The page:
The District of Arizona dismissed the complaint, reasoning that the allegations regarding Zicam users’ claims were not material because they were not statistically significant. It determined that the complaint failed properly to allege materiality “absent allegations Defendants knew there was a definitive and statistically significant link between Zicam and anosmia during the Class Period that was ‘sufficiently serious and frequent to affect future earnings.'” 585 F.3d at 1177 (emphasis in original) (internal quotations omitted).
The Ninth Circuit reversed, holding that the district court improperly relied on a statistical significance standard to determine that the plaintiffs’ complaint did not allege “a material misrepresentation or omission of fact.” Id. at 1178. Instead of determining that the omitted information relating to patient complaints regarding anosmia was immaterial as a matter of law, the Ninth Circuit held that the district court should have allowed the finder of fact to conduct a fact-specific inquiry in order to determine whether the information would have been material to a reasonable investor.
The First, Second and Third Circuits
In N.J. Carpenters Pension & Annuity Funds v. Biogen IDEC Inc., ten days after two participants died from “opportunistic infections” in a clinical trial of a drug developed to combat multiple sclerosis and other autoimmune disorders, the defendant drug manufacturer announced that it was suspending all clinical trials and withdrawing the drug from the market. 537 F.3d at 37. Securities actions were filed immediately following the announcement. Id. at 47. However, because the incidence of opportunistic infections in clinical trials was small, there was no basis to conclude that those results were statistically significant. Id. at 50-51. The First Circuit held that, where there was no allegation that defendants were aware of a “causal relationship” between the deaths and defendant’s product, plaintiffs had not adequately alleged scienter. Id. at 49.
Similarly, the Second Circuit, in Carter-Wallace I, held that a drug company’s statements failing to disclose deaths alleged to be related to its anti-epileptic medication were not materially misleading, because the company had no information that the number of deaths linked to its product were statistically significant. 150 F.3d at 157. The Second Circuit held that “[d]rug companies need not disclose isolated reports of illnesses suffered by users of their drugs until those reports provide statistically significant evidence that the ill effects may be caused by–rather than randomly associated with–use of the drugs and are sufficiently serious to affect future earnings.” Id. In a subsequent appeal arising from that litigation, the Second Circuit again applied the statistical significance standard in determining that plaintiffs had not alleged scienter adequately, because it was not “reckless” for defendants not to disclose statistically insignificant reports of drug-related deaths. Carter-Wallace II, 220 F.3d at 41-42.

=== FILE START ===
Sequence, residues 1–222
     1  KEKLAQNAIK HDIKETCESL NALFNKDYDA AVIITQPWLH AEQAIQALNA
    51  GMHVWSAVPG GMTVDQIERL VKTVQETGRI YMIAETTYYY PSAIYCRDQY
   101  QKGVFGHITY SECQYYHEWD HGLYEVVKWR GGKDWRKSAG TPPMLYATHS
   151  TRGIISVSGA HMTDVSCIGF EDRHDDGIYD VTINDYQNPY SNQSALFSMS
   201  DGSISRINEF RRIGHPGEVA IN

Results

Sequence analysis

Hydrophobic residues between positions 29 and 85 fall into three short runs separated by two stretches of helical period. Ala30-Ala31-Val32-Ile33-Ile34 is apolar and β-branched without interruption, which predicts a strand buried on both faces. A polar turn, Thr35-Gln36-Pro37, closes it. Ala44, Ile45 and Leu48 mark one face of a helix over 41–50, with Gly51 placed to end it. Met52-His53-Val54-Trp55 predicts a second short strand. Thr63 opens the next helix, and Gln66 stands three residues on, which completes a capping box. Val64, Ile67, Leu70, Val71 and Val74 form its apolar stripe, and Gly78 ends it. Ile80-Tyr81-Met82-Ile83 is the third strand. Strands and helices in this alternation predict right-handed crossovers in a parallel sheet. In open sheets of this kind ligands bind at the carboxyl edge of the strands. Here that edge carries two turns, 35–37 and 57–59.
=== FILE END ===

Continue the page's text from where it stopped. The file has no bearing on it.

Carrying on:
The Third Circuit has held likewise. In an opinion authored by then-Circuit Judge Samuel Alito, the Third Circuit in Oran v. Stafford considered whether the maker of weight loss drugs made material representations and omissions regarding the safety of those drugs when they did not disclose several studies linking the drugs to heart valve damage. 226 F.3d at 279-80. In affirming the district court’s dismissal of the claim, the Third Circuit held that where “plaintiffs never clearly explain how the accumulation of additional anecdotal data, short of the point of statistical significance, would have added anything” to previous disclosures, and “the link between the two drugs and heart-valve disorders was never definitively established,” the disclosure of that data “would not have significantly altered the ‘total mix’ of information” available to investors. Id. at 284.
Consideration by the Supreme Court
In taking this case, the Supreme Court will resolve the conflict over whether statistical significance is a prerequisite to the required disclosure of event reports under the securities laws. Although the case is important for the pharmaceutical industry, medical device manufacturers, and others subject to the FDA premarket approval and reporting regime, it will also have implications for industries subject to analogously pervasive federal or state regulation.
More broadly, the case gives the Court the opportunity to clarify the standards for materiality in securities cases. There is little guidance in this area other than TSC Indus. Inc. v. Northway, Inc., 426 U.S. 438 (1976), which stands for the threshold proposition that “[a]n omitted fact is material if there is a substantial likelihood that a reasonable shareholder would consider it important in deciding how to vote,” or, put differently, that materiality requires a “substantial likelihood that the disclosure would have been viewed by the reasonable investor as having significantly altered the ‘total mix’ of information made available.” Id. at 449. However, the Court also has recognized that too much disclosure can be counterproductive as investors and others are overwhelmed by irrelevant information. See, e.g., TSC Indus., 426 U.S. at 448-49 (“management’s fear of exposing itself to substantial liability may cause it simply to bury the shareholders in an avalanche of trivial information[,] a result that is hardly conducive to informed decision-making”); see also Buckman Co. v. Plaintiffs’ Legal Committee, 531 U.S. 341, 351 (2001). Thus, the case should be of interest to issuers and other participants in the primary and secondary securities markets charged with disclosure obligations, including accountants and lawyers.